Sauerkraut is a good source of minerals for growing puppies. These minerals support the development of strong bones in puppies and maintain bone health in adult dogs as they age. Vitamin K2 helps maintain bone integrity and mineral density in adult dogs.
Muscle and Joint Health
Sauerkraut contains many phytonutrients that act as anti-inflammatories. These nutrients help reduce inflammation in your dog’s joints, which may be causing muscle and joint pains.
Minerals such as magnesium, potassium, manganese, and copper which are good for skin, muscle, and organ health are also found in sauerkraut.
Sauerkraut contains high levels of vitamin A and carotene which act as antioxidants to improve the health of a dog’s eyes and reduce the chances of developing cataracts in older dogs.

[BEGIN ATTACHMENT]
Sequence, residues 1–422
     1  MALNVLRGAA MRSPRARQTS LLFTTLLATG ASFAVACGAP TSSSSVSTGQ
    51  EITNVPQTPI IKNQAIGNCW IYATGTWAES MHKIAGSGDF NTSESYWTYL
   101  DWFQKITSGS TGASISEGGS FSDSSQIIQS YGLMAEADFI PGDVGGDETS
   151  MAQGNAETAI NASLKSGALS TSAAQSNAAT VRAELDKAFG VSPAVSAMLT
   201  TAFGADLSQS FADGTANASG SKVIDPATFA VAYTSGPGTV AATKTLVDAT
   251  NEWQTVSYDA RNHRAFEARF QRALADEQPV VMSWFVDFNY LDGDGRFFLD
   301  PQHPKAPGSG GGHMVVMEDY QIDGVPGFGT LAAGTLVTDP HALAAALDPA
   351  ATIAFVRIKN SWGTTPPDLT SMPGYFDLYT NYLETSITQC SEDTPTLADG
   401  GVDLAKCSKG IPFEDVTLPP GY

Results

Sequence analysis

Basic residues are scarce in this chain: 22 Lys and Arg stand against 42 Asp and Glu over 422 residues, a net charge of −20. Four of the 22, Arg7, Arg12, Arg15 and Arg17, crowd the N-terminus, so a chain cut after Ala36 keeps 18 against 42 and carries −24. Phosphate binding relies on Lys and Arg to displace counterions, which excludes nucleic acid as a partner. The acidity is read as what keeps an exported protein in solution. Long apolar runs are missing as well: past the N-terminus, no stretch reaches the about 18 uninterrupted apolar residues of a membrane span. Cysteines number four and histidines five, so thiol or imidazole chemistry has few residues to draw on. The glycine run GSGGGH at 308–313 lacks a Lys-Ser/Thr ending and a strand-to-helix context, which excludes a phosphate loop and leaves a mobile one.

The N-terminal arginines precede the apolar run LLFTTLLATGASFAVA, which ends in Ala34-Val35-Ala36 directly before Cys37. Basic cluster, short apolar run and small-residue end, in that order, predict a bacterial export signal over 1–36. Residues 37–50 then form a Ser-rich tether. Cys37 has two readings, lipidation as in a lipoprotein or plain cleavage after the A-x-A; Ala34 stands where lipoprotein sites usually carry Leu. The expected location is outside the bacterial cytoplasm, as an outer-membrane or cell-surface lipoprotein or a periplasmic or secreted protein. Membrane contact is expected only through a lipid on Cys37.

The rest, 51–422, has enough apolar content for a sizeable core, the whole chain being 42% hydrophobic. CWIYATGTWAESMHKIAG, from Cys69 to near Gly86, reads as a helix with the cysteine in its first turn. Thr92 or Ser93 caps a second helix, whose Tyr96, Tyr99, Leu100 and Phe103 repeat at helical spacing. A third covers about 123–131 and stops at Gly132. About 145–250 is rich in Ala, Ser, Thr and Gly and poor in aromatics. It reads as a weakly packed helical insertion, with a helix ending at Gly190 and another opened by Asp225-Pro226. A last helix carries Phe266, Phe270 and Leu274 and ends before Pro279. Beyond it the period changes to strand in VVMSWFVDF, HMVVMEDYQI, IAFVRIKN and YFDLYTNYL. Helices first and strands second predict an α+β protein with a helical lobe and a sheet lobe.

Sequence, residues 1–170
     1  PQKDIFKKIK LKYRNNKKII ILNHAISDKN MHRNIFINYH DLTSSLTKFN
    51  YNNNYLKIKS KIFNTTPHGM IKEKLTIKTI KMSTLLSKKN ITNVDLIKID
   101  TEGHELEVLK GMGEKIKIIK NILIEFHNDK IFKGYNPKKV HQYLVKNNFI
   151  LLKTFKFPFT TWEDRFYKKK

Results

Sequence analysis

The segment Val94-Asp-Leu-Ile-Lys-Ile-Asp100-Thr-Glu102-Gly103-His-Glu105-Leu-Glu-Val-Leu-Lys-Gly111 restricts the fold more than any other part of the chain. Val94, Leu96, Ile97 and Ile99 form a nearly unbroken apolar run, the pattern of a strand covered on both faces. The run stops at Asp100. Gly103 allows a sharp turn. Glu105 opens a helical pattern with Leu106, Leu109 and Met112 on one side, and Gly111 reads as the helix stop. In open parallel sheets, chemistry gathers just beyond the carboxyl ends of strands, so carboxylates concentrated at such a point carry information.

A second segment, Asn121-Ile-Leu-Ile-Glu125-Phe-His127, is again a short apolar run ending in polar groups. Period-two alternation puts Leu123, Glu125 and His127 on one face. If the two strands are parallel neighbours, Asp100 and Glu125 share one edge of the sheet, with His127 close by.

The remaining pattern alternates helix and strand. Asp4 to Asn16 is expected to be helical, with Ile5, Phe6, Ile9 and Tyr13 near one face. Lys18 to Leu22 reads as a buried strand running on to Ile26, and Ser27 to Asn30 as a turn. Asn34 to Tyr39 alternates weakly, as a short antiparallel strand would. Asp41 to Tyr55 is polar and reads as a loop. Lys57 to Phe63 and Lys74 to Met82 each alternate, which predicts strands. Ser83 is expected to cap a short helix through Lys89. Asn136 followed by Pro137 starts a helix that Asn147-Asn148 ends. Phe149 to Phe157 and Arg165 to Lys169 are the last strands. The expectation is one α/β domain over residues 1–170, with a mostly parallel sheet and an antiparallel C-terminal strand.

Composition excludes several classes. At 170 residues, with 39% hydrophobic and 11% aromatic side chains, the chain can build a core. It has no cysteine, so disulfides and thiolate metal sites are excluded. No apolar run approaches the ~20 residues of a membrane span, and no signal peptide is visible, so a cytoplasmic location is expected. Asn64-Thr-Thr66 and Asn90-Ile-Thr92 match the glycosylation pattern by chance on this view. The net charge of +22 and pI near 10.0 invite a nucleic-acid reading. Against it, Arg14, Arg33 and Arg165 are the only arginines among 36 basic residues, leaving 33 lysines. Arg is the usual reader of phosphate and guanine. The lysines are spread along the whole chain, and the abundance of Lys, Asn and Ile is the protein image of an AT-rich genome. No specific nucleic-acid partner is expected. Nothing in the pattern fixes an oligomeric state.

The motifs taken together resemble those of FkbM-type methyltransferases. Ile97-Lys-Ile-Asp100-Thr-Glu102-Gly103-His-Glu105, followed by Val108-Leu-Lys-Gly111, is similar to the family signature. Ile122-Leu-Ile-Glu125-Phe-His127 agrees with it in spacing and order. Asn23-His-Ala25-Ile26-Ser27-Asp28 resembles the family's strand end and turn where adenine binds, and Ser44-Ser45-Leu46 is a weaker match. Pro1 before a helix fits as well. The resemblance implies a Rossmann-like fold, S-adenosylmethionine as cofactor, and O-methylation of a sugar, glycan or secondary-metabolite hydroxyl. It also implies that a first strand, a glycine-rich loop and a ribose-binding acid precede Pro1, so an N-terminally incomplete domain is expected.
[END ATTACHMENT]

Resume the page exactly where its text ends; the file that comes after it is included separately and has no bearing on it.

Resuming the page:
Sauerkraut also contains zeaxanthin and lutein, which support tissue and blood vessel development.
Skin and Coat Health
Vitamin A in sauerkraut also contributes to tissue growth. Dogs with itchy, dry, scaly skin and dull coats may be deficient in vitamin A.
Brain and Emotional Health
Sauerkraut is a good source of omega-3 fatty acids. Omega-3 fatty acids are important for dogs’ brain development and functioning.
The fermented cabbage may also be helpful in treating nervousness and anxiety.
Immune System Functioning
Sauerkraut is a good source of vitamin C. Dogs need this vitamin to support their immune systems. Vitamin C also stimulates the production of white blood cells and cellular regeneration. It is also beneficial for the formation of collagen needed for the healthy growth of muscles, organs, bones and blood vessels.